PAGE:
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A Jokoban

(Japanese incense clock)

A smouldering grid on a cypress stand

jasmine interval, periods of patchouli

musk and camphor schedules, frankincense chimes.

How arid the reliance

on an oscillating crystal’s precision

the tiny force between wheel train

and escapement, a miniature replica

of how the engines of our minds

or lives have been shunted together,

industrial clank for a heartbeat.


Instead, imagine saying I’ll meet you

when it turns sandalwood, I’ll get to it at myrrh;

had we but cedarwood enough, etc.


A different self stands outlined

in the doorway of the senses

that remembers childhood as a music box

its formal stations replaced by the dairy horse

before dawn, newspaper boys’ cries, postman’s whistle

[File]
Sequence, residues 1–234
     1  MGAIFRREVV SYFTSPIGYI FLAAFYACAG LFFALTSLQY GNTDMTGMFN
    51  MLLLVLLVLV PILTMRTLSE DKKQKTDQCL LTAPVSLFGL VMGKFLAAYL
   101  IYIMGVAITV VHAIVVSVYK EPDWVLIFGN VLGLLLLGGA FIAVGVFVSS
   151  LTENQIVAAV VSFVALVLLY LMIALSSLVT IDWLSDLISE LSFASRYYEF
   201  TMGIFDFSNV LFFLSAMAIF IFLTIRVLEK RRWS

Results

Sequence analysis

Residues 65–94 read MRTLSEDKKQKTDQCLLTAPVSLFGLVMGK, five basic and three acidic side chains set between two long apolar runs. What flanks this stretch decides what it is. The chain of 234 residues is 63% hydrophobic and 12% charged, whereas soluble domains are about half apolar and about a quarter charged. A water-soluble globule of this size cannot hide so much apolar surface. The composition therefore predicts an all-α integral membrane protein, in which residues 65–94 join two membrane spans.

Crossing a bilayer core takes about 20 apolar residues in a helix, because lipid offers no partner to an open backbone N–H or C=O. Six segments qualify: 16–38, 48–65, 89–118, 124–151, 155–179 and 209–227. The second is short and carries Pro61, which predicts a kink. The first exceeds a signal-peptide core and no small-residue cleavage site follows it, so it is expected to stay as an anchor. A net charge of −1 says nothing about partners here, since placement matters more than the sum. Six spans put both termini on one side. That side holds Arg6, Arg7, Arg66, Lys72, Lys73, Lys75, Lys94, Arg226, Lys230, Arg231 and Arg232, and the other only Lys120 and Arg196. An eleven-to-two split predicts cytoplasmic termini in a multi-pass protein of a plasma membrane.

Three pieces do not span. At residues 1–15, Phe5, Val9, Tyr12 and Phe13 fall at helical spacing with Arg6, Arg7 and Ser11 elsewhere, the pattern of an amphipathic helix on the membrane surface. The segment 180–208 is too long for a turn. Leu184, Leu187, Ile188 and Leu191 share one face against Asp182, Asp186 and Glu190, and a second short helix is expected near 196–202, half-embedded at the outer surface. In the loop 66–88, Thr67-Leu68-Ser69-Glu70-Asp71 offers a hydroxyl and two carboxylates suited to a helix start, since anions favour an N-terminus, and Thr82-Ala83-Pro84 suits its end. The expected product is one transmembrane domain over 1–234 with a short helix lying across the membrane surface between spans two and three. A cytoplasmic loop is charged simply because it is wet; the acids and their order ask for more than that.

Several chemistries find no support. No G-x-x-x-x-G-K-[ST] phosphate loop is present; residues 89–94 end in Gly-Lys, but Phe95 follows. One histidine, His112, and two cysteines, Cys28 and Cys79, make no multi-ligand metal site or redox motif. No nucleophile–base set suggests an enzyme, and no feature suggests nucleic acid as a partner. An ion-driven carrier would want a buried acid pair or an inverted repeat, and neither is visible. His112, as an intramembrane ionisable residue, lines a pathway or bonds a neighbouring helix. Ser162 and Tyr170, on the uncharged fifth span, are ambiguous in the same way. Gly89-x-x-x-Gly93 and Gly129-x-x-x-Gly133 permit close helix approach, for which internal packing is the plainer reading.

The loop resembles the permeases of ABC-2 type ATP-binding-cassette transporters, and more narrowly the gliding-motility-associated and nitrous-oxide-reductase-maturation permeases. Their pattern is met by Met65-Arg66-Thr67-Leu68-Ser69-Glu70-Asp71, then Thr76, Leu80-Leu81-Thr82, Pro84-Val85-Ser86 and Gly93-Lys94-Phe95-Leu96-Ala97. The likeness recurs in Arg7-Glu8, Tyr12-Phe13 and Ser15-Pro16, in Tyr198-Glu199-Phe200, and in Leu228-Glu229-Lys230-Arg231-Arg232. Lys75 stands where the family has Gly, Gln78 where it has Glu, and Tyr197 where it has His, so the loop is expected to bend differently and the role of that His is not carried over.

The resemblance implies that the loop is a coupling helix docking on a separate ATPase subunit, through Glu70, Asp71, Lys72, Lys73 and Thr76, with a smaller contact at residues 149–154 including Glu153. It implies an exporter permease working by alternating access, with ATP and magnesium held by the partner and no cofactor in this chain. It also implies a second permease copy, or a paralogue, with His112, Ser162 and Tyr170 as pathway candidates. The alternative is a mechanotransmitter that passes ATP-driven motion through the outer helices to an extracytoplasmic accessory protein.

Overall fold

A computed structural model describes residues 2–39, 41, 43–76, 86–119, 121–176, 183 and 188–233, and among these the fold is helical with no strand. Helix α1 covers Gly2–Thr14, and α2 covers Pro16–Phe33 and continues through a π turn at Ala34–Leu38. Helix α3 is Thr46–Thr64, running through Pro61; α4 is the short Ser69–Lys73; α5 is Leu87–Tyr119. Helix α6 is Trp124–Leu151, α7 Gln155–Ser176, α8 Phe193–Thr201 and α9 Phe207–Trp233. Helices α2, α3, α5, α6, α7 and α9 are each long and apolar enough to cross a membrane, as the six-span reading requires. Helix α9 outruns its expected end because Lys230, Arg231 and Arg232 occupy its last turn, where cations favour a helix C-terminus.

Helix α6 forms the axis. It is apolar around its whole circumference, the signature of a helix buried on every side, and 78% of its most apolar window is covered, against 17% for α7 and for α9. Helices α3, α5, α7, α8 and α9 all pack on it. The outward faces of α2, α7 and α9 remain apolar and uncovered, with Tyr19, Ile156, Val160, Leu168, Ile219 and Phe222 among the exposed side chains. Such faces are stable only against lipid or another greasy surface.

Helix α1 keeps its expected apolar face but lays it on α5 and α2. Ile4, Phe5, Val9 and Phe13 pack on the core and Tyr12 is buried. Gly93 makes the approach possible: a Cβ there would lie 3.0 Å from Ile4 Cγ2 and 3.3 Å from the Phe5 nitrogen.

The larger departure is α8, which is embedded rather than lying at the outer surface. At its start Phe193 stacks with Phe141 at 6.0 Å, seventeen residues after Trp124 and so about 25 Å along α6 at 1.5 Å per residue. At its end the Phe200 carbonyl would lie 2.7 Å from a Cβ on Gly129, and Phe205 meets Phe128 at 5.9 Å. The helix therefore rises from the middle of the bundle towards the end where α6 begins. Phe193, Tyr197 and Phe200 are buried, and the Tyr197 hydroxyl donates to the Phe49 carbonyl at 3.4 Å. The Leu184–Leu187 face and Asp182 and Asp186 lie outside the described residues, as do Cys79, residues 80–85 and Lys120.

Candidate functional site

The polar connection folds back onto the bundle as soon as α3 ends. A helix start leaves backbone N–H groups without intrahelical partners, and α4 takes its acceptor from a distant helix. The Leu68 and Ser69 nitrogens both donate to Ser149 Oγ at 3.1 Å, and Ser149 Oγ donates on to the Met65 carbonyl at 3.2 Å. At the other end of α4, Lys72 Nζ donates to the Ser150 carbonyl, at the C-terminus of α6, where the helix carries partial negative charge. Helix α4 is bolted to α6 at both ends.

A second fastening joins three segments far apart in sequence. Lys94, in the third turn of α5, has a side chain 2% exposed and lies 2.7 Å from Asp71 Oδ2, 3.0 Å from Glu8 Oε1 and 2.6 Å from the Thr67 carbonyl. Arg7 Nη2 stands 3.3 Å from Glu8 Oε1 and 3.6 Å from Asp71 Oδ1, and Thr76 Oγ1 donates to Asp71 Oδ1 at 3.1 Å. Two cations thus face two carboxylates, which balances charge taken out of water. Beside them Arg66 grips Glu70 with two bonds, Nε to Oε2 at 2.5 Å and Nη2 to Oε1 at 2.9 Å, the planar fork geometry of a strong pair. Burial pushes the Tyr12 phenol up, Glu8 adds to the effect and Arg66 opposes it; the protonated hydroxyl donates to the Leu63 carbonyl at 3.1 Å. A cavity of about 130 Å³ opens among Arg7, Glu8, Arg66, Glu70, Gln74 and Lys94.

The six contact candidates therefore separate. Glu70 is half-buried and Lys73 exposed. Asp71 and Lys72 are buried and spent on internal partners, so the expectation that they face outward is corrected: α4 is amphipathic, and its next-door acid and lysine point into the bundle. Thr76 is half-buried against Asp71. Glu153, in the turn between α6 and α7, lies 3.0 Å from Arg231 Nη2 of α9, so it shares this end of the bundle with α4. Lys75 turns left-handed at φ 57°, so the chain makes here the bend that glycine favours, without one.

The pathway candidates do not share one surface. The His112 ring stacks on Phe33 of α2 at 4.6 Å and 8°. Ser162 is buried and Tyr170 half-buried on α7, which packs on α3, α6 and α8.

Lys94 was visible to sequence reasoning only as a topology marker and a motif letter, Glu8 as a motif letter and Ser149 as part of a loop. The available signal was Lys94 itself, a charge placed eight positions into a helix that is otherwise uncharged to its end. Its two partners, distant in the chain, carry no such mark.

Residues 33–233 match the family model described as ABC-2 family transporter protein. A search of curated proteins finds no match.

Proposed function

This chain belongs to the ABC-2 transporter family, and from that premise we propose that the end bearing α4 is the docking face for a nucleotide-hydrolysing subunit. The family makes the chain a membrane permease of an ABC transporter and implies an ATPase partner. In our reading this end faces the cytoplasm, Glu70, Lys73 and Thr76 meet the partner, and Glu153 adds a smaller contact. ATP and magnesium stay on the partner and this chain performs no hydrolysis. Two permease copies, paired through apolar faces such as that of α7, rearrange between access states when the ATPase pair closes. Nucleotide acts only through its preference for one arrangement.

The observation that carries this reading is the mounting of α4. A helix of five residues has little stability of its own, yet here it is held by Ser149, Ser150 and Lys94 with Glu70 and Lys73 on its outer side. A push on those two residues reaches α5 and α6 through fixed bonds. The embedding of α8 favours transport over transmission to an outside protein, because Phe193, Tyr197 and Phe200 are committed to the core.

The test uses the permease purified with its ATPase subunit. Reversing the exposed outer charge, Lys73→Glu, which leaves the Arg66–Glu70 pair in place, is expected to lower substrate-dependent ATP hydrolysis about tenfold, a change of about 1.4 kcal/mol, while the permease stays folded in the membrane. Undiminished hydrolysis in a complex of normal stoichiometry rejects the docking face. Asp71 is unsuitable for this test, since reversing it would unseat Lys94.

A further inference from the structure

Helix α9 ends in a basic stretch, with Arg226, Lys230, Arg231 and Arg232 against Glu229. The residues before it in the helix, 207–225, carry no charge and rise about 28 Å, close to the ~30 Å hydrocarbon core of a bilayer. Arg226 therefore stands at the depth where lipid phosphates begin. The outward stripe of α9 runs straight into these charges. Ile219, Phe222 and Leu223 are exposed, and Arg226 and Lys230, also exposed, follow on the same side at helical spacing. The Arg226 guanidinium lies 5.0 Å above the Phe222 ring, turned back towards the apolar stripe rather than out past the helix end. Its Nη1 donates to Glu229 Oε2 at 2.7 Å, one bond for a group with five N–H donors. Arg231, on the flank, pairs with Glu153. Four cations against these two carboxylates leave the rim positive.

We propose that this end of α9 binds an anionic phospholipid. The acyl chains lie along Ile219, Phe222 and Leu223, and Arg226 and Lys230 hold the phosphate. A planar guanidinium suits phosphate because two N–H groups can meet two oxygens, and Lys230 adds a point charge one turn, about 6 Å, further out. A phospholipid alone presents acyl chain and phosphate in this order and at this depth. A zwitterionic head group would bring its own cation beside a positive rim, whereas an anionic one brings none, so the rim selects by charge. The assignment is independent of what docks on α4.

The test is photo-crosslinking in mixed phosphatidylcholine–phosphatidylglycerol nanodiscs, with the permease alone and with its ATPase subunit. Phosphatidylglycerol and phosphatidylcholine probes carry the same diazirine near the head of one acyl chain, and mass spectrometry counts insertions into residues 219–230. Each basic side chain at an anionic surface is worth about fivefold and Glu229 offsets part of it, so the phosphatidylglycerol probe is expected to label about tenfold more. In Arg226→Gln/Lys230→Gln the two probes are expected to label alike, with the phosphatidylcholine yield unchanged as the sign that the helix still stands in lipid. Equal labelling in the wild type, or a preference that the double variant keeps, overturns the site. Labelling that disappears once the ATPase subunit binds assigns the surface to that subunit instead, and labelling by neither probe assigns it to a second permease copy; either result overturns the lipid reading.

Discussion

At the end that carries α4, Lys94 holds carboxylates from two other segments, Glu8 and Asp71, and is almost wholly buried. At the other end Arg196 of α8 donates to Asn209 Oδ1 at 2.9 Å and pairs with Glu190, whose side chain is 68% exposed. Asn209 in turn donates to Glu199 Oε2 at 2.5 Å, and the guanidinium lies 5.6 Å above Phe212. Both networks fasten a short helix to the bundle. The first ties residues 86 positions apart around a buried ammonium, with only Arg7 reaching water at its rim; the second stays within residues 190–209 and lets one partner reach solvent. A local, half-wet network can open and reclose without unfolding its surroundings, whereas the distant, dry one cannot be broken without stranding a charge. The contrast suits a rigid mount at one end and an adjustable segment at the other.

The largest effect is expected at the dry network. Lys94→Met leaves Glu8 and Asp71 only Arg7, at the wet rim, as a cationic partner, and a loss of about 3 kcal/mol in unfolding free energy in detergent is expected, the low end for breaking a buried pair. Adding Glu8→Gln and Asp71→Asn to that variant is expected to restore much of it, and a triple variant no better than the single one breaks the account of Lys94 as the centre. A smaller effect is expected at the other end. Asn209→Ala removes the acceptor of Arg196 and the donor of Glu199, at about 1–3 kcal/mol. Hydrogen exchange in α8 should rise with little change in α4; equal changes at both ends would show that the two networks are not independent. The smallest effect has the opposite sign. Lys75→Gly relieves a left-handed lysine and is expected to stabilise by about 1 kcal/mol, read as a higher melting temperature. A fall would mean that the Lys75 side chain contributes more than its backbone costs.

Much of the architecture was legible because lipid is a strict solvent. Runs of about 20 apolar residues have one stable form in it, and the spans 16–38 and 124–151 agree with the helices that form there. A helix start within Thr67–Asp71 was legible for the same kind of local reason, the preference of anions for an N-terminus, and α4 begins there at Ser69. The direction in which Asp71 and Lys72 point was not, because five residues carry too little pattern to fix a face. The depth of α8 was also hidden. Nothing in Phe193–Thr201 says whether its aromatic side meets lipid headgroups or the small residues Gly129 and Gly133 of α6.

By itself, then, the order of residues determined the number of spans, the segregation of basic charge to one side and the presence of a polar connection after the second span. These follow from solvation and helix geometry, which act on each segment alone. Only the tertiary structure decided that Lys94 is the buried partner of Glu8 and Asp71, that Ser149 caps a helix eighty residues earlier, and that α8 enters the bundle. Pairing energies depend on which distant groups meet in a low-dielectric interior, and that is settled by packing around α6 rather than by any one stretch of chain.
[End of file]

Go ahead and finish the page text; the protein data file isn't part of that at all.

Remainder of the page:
ice-cream vans playing Greensleeves

siren at shift’s end from the factory over the creek

a crystal radio’s static.


Once, trudging home from your first job

you turned into a row of shops somewhere

you’d never been before, and looked up

at their dingy, Victorian façade, followed

their pilasters and cornices to the top floor,

its dusty mullions half lost

in low, hanging mist that ever since

feeling it on your face

has evoked the future’s possibilities


saying it will happen in light drizzle.

We could use luminous

to mean all the possibilities of time read backwards

like eyes in old photographs

reflecting the future’s oncoming headlights,

as I squint to read the watch on someone’s wrist

standing amongst the camel’s-hair coated lot

smiling from the mantelpiece; or lit up as the distant town hall clock

my brother and I competed to see from our vinyl crow’s nest,

the friendly utility of its hypotenuse.


Time released by burning grains

doesn’t unwind but is brought to us

as if by kings in bivouacs across the desert’s electric zones.

From the creak and crease of their saddlebags

they place sandalwood and myrrh beneath

hoists glimmering in back yards

reflecting the Southern Cross directly above.

University of Canberra International Poetry Prize anthology 2014

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